Here are three things that happened this week.
- A major political news story involving the US president’s lawyer had to run with a disclaimer that it contained spoilers for the new Borat movie.
- One of the largest military bases in the world became the latest in a long line of victims of an incredibly specific hack when its Twitter account interacted with sexually explicit images. Would you believe, it was later revealed to have been caused by a horny and careless employee.
- Supreme Court nominee Amy Coney Barrett’s connection to a Catholic sect called People of Praise led to (false) rumours that its severely patriarchal views had been the basis for The Handmaid’s Tale.
This is the America — febrile, conspiratorial, farcical, sinister — that Donald Trump and Joe Biden were fighting to lead as they met today in Tennessee. Trump by no means created this America, but he inarguably raked these elements to the surface.
After the first debate — an exhausting and depressing affair, filled with hectoring and interjections from Trump and featuring a performance from Biden that looked every bit as tired as the rest of us felt — it was announced that the candidates’ microphones would be muted when they are not directly being asked a question.
Yet the lead-in coverage reinforced the fact that the mainstream media is still manifestly unable to deal with a figure like Trump. After four years of this garbage, they still tut-tut about Biden using words like “hell” and “shut up”.
Sign up for a FREE 21-day trial and get Crikey straight to your inbox
Biden went in ahead in the polls, but nowhere near as safely as it might appear. Regardless, Trump’s advisers conceded to Axios that “the first debate [was] a catastrophe”.
In classic Trump form, his debate guest today was Hunter Biden’s former business partner Tony Bobulinski, echoing his invitation of Bill Clinton’s alleged rape victims to his second debate with Hillary Clinton.
And yet, the early running was merely dull. Both rambled, but Trump’s first few answers — still a stream of consciousness, but relatively even-tempered and on topic — were practically soaring oratory by his standards. He even thanked moderator Kristen Welker (who was excellent throughout) a couple of times.
The advice Trump’s team had for him was to let Biden talk, letting the Democrat tie himself in knots with his tendency towards vagueness and gaffes.
And at first it seems to work — Biden mashed words into one another, and paused a second too long in the middle of his sentences. But at least he didn’t seem ready for a rocking chair and a blanket like last time, and he slowly picked up steam.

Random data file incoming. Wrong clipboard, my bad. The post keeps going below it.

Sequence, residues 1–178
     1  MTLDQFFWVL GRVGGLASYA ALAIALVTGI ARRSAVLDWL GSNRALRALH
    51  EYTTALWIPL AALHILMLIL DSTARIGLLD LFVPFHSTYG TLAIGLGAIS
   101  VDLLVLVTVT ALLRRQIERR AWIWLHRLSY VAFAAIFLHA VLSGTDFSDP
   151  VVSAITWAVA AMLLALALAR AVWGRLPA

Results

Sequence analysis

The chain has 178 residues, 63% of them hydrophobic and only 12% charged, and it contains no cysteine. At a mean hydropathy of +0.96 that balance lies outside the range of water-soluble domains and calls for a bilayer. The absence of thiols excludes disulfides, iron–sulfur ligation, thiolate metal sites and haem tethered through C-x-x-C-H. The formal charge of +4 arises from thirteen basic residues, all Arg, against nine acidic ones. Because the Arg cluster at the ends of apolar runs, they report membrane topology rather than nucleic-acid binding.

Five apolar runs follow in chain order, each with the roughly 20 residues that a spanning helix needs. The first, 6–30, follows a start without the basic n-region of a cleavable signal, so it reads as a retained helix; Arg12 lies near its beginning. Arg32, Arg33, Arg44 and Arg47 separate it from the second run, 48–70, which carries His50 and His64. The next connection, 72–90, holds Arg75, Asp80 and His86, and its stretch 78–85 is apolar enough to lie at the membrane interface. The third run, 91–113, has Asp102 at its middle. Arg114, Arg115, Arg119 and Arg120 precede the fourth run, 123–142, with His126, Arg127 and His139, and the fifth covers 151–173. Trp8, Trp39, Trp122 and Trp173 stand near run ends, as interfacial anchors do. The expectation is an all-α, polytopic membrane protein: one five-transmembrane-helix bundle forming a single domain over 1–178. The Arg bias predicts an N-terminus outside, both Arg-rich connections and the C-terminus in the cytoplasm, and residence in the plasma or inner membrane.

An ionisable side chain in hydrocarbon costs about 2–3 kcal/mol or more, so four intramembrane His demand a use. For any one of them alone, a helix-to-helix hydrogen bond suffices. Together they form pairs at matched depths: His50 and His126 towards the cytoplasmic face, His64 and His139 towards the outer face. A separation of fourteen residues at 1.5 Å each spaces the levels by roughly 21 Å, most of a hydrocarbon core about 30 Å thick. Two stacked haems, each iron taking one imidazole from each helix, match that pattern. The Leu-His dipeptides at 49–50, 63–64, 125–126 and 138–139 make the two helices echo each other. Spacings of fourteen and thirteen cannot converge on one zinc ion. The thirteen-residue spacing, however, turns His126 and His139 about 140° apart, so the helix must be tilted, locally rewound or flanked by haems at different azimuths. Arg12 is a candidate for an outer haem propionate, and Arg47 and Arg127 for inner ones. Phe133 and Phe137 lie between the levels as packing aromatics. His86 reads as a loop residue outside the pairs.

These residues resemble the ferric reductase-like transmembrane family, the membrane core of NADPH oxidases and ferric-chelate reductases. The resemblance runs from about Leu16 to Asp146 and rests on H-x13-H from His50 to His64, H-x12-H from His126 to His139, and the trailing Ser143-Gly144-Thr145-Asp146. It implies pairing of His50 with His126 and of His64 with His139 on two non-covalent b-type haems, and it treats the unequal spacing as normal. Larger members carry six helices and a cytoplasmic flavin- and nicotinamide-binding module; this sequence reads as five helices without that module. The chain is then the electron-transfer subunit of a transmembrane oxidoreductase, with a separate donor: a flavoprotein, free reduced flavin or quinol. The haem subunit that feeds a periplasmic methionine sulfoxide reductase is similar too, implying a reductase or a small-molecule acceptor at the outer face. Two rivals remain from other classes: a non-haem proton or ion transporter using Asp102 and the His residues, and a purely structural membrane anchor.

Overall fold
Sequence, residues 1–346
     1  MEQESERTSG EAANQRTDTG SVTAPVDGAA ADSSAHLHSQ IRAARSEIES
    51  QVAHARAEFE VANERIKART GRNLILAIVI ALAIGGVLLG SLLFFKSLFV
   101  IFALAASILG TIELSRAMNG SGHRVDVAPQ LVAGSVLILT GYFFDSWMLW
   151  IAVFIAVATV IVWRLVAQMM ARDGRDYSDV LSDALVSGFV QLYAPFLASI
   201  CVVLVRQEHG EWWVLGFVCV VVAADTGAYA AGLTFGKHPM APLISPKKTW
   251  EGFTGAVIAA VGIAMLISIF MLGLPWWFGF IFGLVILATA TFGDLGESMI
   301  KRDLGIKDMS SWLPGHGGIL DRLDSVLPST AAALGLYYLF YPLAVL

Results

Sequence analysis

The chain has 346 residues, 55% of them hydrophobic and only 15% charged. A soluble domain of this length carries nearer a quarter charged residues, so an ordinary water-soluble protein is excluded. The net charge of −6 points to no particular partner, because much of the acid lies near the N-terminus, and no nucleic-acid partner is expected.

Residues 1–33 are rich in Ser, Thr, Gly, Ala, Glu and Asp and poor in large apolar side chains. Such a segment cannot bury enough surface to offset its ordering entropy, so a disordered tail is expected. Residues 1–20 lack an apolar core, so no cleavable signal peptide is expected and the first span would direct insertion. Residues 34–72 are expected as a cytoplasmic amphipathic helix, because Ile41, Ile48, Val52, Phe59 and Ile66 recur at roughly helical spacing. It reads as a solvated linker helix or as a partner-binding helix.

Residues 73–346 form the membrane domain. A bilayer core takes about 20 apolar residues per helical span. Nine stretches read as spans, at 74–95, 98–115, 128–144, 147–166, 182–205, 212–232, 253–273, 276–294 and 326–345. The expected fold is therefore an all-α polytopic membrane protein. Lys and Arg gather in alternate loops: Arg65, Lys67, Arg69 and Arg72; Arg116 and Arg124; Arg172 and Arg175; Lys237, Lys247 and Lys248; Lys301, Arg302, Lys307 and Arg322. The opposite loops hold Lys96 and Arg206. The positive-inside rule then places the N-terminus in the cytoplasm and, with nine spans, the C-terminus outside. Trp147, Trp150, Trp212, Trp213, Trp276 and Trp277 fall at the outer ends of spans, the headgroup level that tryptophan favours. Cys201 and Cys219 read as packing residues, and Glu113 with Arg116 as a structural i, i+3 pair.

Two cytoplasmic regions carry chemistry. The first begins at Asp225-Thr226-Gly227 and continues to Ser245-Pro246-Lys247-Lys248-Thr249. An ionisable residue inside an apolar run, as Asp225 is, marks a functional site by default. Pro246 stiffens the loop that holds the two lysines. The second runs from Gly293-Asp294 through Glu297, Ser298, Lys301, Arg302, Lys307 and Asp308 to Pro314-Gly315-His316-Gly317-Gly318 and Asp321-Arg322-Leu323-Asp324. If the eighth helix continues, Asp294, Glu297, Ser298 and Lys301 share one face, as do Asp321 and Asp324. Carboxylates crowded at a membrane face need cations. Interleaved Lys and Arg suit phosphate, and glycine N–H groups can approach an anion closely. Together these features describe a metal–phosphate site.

The tone started to slide around the halfway point, when the debate turned to overseas interference in US elections.
Trump repeatedly brought up the conspiracy theory that Hunter Biden received $3.5 million from the mayor of Moscow: “they paid you a lot of money, Joe, and they probably still are.”
He then launched into a “no collusion/no one’s been treated worse/witch-hunt” greatest hits medley, ending on an accusation that Biden’s relatives are making “a fortune” from despotic regimes. “They say you get some of it Joe, and you do live very well.”
Biden fell into the trap for a few questions, getting caught up in the nastiness. But he’s consistent in his line directed straight to the voters: “it’s not about my family, it’s about your family and how Trump has failed them”.
After his fairly soporific start, Biden ended strong. When Trump calls the previous COVID-19 relief package “an attempt to bail out badly run, high-crime Democrat states”, Biden found a bit of emphasis when he declared, counter to Trump’s partisanship, “I will not see red states or blue states, but the United States”. Hokey, sure, but one of a couple of memorable-enough turns of phrase he manages.
Biden stayed energised when talking about separated immigrant families and the “dreamers” program scrapped by Trump. And as he got more aggressive, Trump inevitably did too — countering, incredibly, by saying Biden spent his vice presidency “doing nothing” on immigration except “building cages for kids”. Within five minutes he’d accused Biden of releasing murderers and rapists caught at the border into American communities.
On race, Biden did a decent job of expressing an understanding of what it is to be the victim of institutional racism. Trump, who last time out made a point of signaling neo-Nazis, repeated his preposterous assertion that no one has done more for African Americans than he has (with the “possible exception” of Abraham Lincoln). Less preposterously, he called out Biden’s record of voting for crime bills that resulted in tens of thousands of black men going to prison for minor drug charges.
Trump also went back to a key plank of his 2016 platform: he’s not a politician, but Biden is, just like the rest of them, all talk and no action.
Biden’s performance was mostly adequate and occasionally very good. Fifty million Americans have already voted and he may just have done enough to not lose a huge swathe of those who remain.
Trump’s hope is that, with his relative restraint, he allowed soft Republicans — who like his tax cuts and court appointments — to believe what they convinced themselves of four years ago: sure, he’s a jerk, but he’s a jerk who lets things get done.